Saving Private Ryan Anniversary DVD?

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Wow! Time sure flies, doesn't it? Next year will be 10 years since the release of what I consider to be the greatest war film of all time.

My question is if anyone knows if they'll be releasing an anniversary DVD? I have the current one, but it doesn't have very many extras.



They made a special edition for the 60th anniversary of D-Day. I think that's as close as you'll get.

HERE is a link to the DVD. A fine addition to a WWII collection I might add.

EDIT: If you want your Saving Private Ryan in DTS, go HERE.
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Why would they make a special edition of a movie that was neither groundbreaking nor made long enough ago to need substantial refurbishing?
Making-of featurettes and interviews, of course.
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Making of money, you mean.
No, both are correct. And as much as you or I may dislike it, it's hardly unusual. Of course, it doesn't take much imagine to discern just why you chose to focus your distaste for special edition DVDs on this particular film.



Next year will be 10 years since the release of what I consider to be the greatest war film of all time.
Okay, I just gotta ask, BobbyB--what exactly did you like about that movie??? I went into the theater ready to like it, wanting to like it, and was extremely disappointed to find out all of its vaunted "realism" was just Hollywood hype.



To be honest, I think Saving Private Ryan is a poor movie as well as grossly overrated. Behind the infamous D-Day scene and the great technical aspects of the film...the script is terrible, the acting is mediocre, and...did I mention the script was terrible?

And BobbyB; the greatest war movie of all time? Far from it.
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Well, I'm not going to be able to convince any of you, I just liked the way it was so personal. They were a family going out to save one man.

I dunno...I just liked the whole thing.



Well, I'm not going to be able to convince any of you, I just liked the way it was so personal. They were a family going out to save one man.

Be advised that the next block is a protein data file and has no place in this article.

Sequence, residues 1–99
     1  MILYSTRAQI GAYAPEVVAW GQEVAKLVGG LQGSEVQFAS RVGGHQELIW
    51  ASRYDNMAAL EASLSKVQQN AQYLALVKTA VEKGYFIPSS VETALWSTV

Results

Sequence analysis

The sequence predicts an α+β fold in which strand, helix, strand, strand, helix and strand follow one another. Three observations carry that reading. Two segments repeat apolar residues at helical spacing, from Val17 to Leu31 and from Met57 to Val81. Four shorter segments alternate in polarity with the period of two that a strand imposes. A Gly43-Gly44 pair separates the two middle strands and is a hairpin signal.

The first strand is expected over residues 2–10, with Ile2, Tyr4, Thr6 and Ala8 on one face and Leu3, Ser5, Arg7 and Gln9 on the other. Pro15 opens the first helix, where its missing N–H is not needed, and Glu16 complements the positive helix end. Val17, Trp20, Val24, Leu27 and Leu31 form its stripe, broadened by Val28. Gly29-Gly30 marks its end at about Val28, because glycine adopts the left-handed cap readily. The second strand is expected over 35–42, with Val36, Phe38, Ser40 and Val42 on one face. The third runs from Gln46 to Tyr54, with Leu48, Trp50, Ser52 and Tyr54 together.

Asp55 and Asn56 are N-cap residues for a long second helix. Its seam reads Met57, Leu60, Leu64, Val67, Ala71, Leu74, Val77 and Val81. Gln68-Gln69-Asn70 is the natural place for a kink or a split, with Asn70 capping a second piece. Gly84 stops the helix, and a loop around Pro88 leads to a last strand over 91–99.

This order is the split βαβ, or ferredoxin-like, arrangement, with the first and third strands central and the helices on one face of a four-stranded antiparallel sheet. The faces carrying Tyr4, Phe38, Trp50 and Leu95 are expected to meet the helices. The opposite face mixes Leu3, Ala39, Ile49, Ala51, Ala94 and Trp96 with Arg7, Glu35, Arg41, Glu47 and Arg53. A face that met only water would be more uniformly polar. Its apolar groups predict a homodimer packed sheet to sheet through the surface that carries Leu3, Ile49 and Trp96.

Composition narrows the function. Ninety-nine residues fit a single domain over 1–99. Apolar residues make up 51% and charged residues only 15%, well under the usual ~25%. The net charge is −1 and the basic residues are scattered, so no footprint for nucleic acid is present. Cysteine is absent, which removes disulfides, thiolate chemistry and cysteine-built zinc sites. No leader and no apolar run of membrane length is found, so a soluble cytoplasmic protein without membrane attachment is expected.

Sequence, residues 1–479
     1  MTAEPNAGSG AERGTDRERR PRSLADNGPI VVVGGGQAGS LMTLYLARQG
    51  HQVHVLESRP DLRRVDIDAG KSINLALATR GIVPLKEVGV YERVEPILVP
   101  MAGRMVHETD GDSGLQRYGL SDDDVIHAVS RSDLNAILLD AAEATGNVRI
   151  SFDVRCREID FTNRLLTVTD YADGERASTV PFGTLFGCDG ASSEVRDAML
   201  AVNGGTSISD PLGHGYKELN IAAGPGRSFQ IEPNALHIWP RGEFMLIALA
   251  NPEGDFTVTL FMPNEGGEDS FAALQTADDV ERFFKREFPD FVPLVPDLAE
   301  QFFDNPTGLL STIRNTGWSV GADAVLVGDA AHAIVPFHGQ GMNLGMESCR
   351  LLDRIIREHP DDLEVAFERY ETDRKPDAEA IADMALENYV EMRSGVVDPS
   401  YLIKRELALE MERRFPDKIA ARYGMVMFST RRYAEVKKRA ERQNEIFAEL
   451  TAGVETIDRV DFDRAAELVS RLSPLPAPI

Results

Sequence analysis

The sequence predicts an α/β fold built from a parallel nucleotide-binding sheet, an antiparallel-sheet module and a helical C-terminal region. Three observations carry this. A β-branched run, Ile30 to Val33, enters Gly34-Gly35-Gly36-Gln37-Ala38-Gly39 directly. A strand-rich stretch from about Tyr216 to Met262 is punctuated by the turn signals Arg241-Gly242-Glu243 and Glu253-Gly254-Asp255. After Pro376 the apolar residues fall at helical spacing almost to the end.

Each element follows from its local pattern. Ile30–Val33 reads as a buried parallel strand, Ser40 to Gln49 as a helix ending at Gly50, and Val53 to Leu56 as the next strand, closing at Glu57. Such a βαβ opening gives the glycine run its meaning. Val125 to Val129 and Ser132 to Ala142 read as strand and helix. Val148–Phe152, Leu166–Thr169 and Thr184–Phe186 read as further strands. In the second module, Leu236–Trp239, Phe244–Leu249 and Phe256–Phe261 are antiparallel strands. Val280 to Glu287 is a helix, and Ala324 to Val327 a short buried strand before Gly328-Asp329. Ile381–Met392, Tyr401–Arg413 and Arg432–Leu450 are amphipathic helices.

I dunno...I just liked the whole thing.
BobbyB, I give you alot of respect for what you said. Most people would have gone crazy and tried to convince me and defend the film's greatness. But you on the other hand chose to just show maturity...and that's always cool in my book.

And honestly, I do understand what your saying, even if I kinda disagree, haha...



No, both are correct. And as much as you or I may dislike it, it's hardly unusual. Of course, it doesn't take much imagine to discern just why you chose to focus your distaste for special edition DVDs on this particular film.
My dislike for the film is a matter of record, yes, but I'd feel the same way about any middling film getting a puffed up reissue after a mere decade. It makes sense with films that were groundbreaking, and it certainly makes sense in the case of movies where the original cinematic vision was badly distorted by executive meddling. But for a movie that didn't change anything from a conceptual or technical standpoint and wasn't butchered by the money men, it's just a cash grab.



This movie's amazing. By saying it's a poor script you'd have to be comparing it to some spectacular stuff which overall wouldn't be making a very strong point. And, I thought the acting was good, not to mention the technical challenges that alone make this movie worth watching over and over again.